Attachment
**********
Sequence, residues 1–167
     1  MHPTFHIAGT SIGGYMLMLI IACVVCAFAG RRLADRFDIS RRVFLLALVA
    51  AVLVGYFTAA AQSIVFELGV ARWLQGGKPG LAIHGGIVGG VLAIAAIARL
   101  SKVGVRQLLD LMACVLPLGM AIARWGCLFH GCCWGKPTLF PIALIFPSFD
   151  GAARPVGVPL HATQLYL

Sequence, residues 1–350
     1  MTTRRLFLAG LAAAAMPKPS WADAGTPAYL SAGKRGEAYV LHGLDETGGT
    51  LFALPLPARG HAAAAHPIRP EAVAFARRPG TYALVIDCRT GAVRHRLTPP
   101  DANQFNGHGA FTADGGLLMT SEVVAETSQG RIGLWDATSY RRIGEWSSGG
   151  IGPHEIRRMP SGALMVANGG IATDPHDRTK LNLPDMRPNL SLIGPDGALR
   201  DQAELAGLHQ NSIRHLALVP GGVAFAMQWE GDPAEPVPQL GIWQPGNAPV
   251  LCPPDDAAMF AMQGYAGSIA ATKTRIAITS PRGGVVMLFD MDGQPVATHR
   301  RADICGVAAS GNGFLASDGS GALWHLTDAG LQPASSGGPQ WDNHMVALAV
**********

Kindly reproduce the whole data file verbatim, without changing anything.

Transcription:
Sequence, residues 1–167
     1  MHPTFHIAGT SIGGYMLMLI IACVVCAFAG RRLADRFDIS RRVFLLALVA
    51  AVLVGYFTAA AQSIVFELGV ARWLQGGKPG LAIHGGIVGG VLAIAAIARL
   101  SKVGVRQLLD LMACVLPLGM AIARWGCLFH GCCWGKPTLF PIALIFPSFD
   151  GAARPVGVPL HATQLYL

Sequence, residues 1–350
     1  MTTRRLFLAG LAAAAMPKPS WADAGTPAYL SAGKRGEAYV LHGLDETGGT
    51  LFALPLPARG HAAAAHPIRP EAVAFARRPG TYALVIDCRT GAVRHRLTPP
   101  DANQFNGHGA FTADGGLLMT SEVVAETSQG RIGLWDATSY RRIGEWSSGG
   151  IGPHEIRRMP SGALMVANGG IATDPHDRTK LNLPDMRPNL SLIGPDGALR
   201  DQAELAGLHQ NSIRHLALVP GGVAFAMQWE GDPAEPVPQL GIWQPGNAPV
   251  LCPPDDAAMF AMQGYAGSIA ATKTRIAITS PRGGVVMLFD MDGQPVATHR
   301  RADICGVAAS GNGFLASDGS GALWHLTDAG LQPASSGGPQ WDNHMVALAV